To start with, try to create a mental picture of the cacophony of sound that 130million generating sets will generate in a country and you would behold an extremely noisy country. When you’re done with that imagination, think about the fumes from generating sets as it affect our health and earth and you’d understand how much the institution we call government loves everybody.

Talking about how much they love us. In spite of our trying to complement their ineptitude by contributing our over 6,000MW to the national grid, they still want to impoverish us. How? By the move of National Electricity Regulatory Commission(NERC) to make it mandatory for electricity consumers to pay a fixed charge of between N700 and N800 monthly, up from N500, for electricity supply that may not have been supplied. Where is the love?

To make matters worst, they said the over 100 per cent increment takes immediate effect, poor service delivery notwithstanding. Hear the NERC boss- Sam Amadi, “the tariff must increase despite shortfalls in service delivery.” How insensitive can authorities be in a democracy? Perhaps, it wouldn’t have been so spiteful if he had left out the shortfall in service delivery part.

By that statement, it’s as if they are telling us that “we know we are cheating on you but what can you do?” A dare for us to catch them if we can. Even if the Multi Year Tariff Order(MYTO) permitted them to periodically increase electricity tariff per kilo watt, couldn’t they have spared us the agony of making the increment at this time when service delivery from their end is abysmal. Only in Nigeria!

Are they so out of patience that they couldn’t wait to have the crisis in the power sector fixed before pauperizing us with their outrageous electricity tariff? This only goes to show how hypocritical our leaders can be. You’ll always hear them admonish us to be forbearing with them while they tackle our energy challenges, yet they themselves aren’t patient with same.

It seems they don’t believe the situation will improve hence their haste in increasing electricity tariff without a commensurate improvement in service delivery. This position is made more plausible by the fact that they, as insiders, know a lot about the situation than we outsiders know. It’s possible they have seen a cul-de-sac in the energy crisis biting the country.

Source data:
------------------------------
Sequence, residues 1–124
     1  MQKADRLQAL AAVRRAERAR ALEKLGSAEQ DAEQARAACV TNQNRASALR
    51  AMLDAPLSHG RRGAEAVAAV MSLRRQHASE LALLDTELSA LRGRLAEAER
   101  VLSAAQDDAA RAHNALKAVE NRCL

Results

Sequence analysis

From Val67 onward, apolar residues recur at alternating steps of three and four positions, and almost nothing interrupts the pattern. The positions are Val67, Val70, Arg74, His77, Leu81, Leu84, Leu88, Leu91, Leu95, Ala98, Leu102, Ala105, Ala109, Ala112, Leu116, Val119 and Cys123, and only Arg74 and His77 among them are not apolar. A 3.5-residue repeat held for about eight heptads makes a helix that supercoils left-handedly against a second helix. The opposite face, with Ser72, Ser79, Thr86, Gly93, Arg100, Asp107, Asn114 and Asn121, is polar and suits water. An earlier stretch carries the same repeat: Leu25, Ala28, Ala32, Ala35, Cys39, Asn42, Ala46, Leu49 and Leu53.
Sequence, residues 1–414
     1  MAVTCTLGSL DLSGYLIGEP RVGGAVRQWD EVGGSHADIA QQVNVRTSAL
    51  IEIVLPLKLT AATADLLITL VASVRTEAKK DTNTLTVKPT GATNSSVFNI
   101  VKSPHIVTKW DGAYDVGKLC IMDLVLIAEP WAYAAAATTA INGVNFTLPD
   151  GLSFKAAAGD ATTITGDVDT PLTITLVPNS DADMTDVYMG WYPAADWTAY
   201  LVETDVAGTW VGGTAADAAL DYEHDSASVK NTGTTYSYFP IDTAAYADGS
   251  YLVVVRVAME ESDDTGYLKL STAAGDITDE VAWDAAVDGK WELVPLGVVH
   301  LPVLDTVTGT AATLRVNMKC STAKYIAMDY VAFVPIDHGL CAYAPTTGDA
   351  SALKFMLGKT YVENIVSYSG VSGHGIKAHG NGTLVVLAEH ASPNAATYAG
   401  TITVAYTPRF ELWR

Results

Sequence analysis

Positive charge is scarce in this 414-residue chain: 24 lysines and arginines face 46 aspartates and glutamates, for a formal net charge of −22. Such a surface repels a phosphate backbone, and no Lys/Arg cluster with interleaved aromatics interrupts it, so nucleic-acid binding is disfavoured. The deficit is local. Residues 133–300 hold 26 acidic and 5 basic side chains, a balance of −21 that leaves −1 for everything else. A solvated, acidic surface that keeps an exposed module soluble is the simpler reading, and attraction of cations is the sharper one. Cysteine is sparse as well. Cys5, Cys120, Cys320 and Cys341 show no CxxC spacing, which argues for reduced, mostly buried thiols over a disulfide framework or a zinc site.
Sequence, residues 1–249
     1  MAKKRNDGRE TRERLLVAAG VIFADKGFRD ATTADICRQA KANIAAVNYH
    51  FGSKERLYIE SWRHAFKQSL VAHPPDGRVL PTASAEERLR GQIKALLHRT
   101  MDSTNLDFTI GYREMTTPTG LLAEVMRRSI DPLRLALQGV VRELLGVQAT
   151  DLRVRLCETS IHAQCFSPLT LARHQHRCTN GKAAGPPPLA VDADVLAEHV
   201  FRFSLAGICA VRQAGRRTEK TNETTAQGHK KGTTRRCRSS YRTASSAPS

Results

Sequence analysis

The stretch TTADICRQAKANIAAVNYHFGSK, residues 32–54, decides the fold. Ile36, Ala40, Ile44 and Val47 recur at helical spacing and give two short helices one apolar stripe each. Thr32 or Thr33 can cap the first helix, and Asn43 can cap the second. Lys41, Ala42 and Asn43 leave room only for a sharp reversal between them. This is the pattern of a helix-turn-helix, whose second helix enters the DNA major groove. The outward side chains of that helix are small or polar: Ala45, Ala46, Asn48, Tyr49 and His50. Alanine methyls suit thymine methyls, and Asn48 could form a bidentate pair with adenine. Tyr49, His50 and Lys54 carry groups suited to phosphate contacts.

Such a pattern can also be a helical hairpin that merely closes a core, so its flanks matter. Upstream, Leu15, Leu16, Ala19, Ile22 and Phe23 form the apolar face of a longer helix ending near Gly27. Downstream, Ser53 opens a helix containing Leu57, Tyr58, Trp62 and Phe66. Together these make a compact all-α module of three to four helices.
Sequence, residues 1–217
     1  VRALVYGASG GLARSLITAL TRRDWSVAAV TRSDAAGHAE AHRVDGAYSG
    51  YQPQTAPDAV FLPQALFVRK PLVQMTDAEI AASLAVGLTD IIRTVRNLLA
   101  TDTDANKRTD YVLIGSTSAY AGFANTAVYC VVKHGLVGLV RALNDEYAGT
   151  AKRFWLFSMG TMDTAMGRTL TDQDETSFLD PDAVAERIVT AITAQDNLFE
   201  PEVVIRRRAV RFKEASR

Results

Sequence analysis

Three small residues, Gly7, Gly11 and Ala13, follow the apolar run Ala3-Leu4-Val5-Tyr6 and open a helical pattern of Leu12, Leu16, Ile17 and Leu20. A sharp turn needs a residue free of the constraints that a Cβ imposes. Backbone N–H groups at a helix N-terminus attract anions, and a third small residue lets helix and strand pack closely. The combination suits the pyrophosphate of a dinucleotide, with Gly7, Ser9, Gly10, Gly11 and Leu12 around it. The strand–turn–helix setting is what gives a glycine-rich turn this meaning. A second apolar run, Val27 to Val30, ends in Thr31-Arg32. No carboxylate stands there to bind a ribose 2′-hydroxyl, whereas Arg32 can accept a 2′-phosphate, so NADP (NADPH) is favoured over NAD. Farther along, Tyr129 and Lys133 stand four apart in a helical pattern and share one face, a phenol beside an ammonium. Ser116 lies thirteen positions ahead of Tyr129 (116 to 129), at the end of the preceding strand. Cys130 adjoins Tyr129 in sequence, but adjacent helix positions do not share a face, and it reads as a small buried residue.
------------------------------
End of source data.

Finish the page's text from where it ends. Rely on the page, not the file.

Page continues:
We have been greeted by all manner of stories on why our energy crisis persists. We have been told of system collapse, inadequate water in the dams, shortage of gas supply to thermal stations and theft or vandalism of power equipment as reasons for our poor electricity output. We have also heard of the presence of demons and mafia as reasons for persistent blackouts in most parts of the country.

This question always props up in my head whenever we are given reasons, rather, justification for our being kept in darkness- why are same reasons not affecting countries that are enjoying interrupted power supply? For instance, excessive vegetation along transmission highways was also given as one of the factors robbing us of constant electricity, why isn’t this story peddled in South Africa?

The most unfortunate part is that countries whose citizens take electricity for granted don’t spend as much as we do in providing and maintaining their energy infrastructure. With the humongous sums spent and being spent by the Obasanjo, Yar’Adua and Jonathan administrations, it’s a shame we just have 2,866.4MW of electricity to show for it.

I’m sure the money these administrations spent surpasses the cumulative amount spent by Nigerians on buying and maintaining the generating sets that have yielded over 6,000MW.

Only that we don’t manufacture the plants here in Nigeria, else the money used in procuring them would have remained in our economy. As it stands, any generating set that we buy creates extra jobs in the foreign country where it was produced that obviously has a government.

Those ruining (sorry running) Nigeria should let the country have one government. For only then would many other things fall in place.

Written By Ugochukwu Ugwuanyi